The Uyghur Question: Struggling to Monopolize the Narrative
Xinjiang, a province of northwestern China, accounts for 640,000 square miles, equal to two-thirds the size of continental Europe. It is China’s largest region, but mostly desert, and produces a fifth of the world’s cotton. There have been significant recent discoveries of oil and gas. The region accounts for 25% of all known Chinese oil sources and is the country’s second biggest oil producing area behind Heilongjiang province. Additionally, Xi Jinping’s “One Belt, One Road” (OBOR) program has elevated Xinjiang to the status of gateway to Central Asia, the Middle East, and Europe. The Uyghur minority constitute almost half (45%) of Xinjiang’s 25 million inhabitants. The Uyghurs are believed by some historians to be descendants of a white imperialist army marooned in this part of China in the ninth century, who had sided with every invader of China, asking each one to turn Xinjiang into East Turkestan.
The administration of President Trump signed the Uyghur Human Rights Act in June 2020, which sanctions Chinese officials over the (alleged) mass incarceration of Uyghurs and other Muslim minorities, requiring determination as to which Chinese officials are responsible for the “arbitrary detention, torture and harassment” of Uyghurs and other minorities, with a view to freezing any assets the officials hold in the USA and banning their entry into the country.
In January 2021, on the last full day in office of the Trump administration, the US State Department declared that the Chinese government is committing genocide and crimes against humanity through its wide-scale repression of Uyghurs and other predominantly Muslim ethnic minorities in its northwestern region of Xinjiang, including in its use of internment camps and forced sterilization. In response, a deputy director of propaganda for Xinjiang, Xu Guixiang, dismissed the US claim as an “utterly untethered fabrication of ‘genocide.” Determination of the “genocide” label was a curious outcome for the departing US president, given that Mr. Trump’s former national security adviser, John Bolton, had disclosed in a memoir that at a 2019 summit Trump told Chinese President Xi Jinping to keep building internment camps in Xinjiang, “which Trump thought was exactly the right thing to do.”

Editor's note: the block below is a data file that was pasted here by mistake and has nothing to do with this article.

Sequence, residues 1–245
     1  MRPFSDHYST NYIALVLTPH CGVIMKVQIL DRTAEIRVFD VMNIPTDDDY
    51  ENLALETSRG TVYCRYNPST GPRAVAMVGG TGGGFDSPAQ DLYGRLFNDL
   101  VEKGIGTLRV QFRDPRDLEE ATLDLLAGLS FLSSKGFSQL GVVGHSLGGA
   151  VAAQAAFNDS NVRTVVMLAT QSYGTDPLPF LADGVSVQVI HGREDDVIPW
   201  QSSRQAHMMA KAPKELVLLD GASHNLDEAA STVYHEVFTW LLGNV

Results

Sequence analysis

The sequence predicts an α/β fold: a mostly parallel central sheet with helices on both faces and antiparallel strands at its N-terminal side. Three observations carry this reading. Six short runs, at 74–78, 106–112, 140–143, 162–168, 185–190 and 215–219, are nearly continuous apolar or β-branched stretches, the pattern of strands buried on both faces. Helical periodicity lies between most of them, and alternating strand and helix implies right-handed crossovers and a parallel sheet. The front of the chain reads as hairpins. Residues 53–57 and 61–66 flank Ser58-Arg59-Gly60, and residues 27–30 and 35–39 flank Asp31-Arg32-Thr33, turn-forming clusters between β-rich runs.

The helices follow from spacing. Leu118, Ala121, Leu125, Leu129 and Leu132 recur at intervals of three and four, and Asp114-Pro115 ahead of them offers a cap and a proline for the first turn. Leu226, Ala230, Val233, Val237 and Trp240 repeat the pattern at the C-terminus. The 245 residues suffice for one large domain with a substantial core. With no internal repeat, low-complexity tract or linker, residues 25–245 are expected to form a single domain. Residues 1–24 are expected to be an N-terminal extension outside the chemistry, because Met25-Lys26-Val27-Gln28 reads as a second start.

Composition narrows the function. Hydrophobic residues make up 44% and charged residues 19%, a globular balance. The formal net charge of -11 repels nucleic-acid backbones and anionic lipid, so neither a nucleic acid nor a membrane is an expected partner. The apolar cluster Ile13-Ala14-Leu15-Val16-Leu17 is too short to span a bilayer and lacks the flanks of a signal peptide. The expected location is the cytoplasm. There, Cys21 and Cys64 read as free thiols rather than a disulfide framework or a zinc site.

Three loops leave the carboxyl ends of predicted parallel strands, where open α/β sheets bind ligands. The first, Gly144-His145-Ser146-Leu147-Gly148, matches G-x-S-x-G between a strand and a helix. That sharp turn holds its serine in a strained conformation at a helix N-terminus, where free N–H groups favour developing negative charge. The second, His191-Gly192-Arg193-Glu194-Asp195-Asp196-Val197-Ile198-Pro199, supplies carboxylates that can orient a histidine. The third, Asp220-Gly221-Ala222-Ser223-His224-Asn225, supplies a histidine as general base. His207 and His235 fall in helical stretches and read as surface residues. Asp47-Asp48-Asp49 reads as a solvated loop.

The USA, Canada, and the Netherlands, among others, have now all accused China of committing genocide against the Uyghur peoples of Xinjiang. For the USA, recognition of the genocide entails obligations under the Genocide Convention to prevent and punish the crime.